Veronica: I’m like, I’m thinking about how I found my first 10. Because it would be the same thing that I’m gonna do now, except, I know that when I was, so 2020 Veronica was very much everything was me, right? It revolved around me because I started the business. If I had to do it again and give her advice, I think not only would I find those 10 clients through asking for referrals, but I would also be deploying some sort of top of funnel automated marketing system after I tested it to make sure I’m not like, you know, wasting time or lighting my money on fire. So I’m not talking about things like paid ads. I’m thinking about things like SEO, things that will work when I’m not working as well. So it wasn’t just all only working when Veronica was working, but both. When I’m sleeping, when I’m working, when I’m not, it’s always constantly there. So I think I would find my top 10 clients through not only asking for referrals, but seeing how I can create targeted content that reaches people where they’re most receptive and it’s not just like, throwing content into the social media algorithm hole, actually creating meaningful content that really reflects who I am, what I believe in, how we work, and the results that we get our clients.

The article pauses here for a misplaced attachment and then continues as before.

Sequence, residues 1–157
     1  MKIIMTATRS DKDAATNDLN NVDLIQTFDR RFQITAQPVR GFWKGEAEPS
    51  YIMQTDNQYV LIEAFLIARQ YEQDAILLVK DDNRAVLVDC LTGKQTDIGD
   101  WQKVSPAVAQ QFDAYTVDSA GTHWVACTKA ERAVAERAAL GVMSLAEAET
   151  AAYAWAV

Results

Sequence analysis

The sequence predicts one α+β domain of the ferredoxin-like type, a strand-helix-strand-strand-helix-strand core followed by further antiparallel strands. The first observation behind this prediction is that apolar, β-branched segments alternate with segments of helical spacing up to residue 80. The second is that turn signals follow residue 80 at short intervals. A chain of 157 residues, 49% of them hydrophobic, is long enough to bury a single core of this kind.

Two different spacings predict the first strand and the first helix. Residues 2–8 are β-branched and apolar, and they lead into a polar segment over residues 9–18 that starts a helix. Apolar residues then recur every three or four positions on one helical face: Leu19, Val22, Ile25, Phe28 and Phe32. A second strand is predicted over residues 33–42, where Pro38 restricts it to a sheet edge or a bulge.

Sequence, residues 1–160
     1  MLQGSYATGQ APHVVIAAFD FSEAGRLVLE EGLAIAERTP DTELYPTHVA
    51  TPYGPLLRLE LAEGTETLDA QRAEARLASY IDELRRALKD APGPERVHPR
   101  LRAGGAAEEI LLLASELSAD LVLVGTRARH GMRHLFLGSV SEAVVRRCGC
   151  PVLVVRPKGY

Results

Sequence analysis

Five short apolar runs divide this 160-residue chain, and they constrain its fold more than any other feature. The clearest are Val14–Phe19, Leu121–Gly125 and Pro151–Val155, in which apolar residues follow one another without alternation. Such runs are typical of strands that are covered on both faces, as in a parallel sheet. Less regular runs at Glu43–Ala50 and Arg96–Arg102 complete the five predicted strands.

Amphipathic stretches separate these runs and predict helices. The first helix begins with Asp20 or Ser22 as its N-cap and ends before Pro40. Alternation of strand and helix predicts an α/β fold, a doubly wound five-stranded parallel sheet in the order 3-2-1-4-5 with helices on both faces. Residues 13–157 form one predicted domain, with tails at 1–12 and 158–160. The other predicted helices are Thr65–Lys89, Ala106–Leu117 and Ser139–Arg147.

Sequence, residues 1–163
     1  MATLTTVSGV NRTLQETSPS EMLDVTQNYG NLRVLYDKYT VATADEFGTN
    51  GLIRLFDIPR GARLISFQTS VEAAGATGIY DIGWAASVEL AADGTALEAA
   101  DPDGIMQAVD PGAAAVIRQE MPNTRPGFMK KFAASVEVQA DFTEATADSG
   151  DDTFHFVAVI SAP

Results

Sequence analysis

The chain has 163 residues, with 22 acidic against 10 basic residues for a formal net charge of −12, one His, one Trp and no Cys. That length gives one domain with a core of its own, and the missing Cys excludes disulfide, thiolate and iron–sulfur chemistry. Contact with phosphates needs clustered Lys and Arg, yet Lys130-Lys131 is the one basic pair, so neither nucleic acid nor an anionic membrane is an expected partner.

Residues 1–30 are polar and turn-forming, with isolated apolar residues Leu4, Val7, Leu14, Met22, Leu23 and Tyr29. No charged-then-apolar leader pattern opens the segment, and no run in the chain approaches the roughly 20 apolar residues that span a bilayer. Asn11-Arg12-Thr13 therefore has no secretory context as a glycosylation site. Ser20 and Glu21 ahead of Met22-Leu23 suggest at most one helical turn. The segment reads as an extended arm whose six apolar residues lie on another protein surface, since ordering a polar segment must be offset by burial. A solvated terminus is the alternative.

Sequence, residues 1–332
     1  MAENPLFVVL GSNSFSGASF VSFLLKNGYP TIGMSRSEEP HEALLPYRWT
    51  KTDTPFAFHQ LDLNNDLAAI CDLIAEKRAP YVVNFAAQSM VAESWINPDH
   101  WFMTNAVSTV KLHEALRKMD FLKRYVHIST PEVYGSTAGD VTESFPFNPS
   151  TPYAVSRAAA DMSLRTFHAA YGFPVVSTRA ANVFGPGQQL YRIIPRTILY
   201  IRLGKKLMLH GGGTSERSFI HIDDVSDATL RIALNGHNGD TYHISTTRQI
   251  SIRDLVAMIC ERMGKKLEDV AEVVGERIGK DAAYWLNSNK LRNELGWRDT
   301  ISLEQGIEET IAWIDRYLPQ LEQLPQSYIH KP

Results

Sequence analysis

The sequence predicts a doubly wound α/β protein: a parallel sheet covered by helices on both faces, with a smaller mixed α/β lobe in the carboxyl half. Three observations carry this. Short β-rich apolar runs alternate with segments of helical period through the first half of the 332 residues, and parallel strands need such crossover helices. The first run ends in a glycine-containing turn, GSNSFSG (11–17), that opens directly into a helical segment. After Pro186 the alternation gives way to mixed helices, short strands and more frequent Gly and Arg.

Dusti: God, and I love that as a two-pronged approach. This is a question I ask everybody who comes on and I do get a lot of one-shot experiments and things like that, but I do really like that like, “Okay, I’m tapping my network. But I’m also doing this other thing that I know is going to be pillar content for me. I know that this is how I want to work. I know. You know, maybe if I’m just starting maybe I don’t know exactly who that client avatar is yet, but I have an idea of the problem they need solved. And that’s where I’m going to start.” I love that so much. Thank you.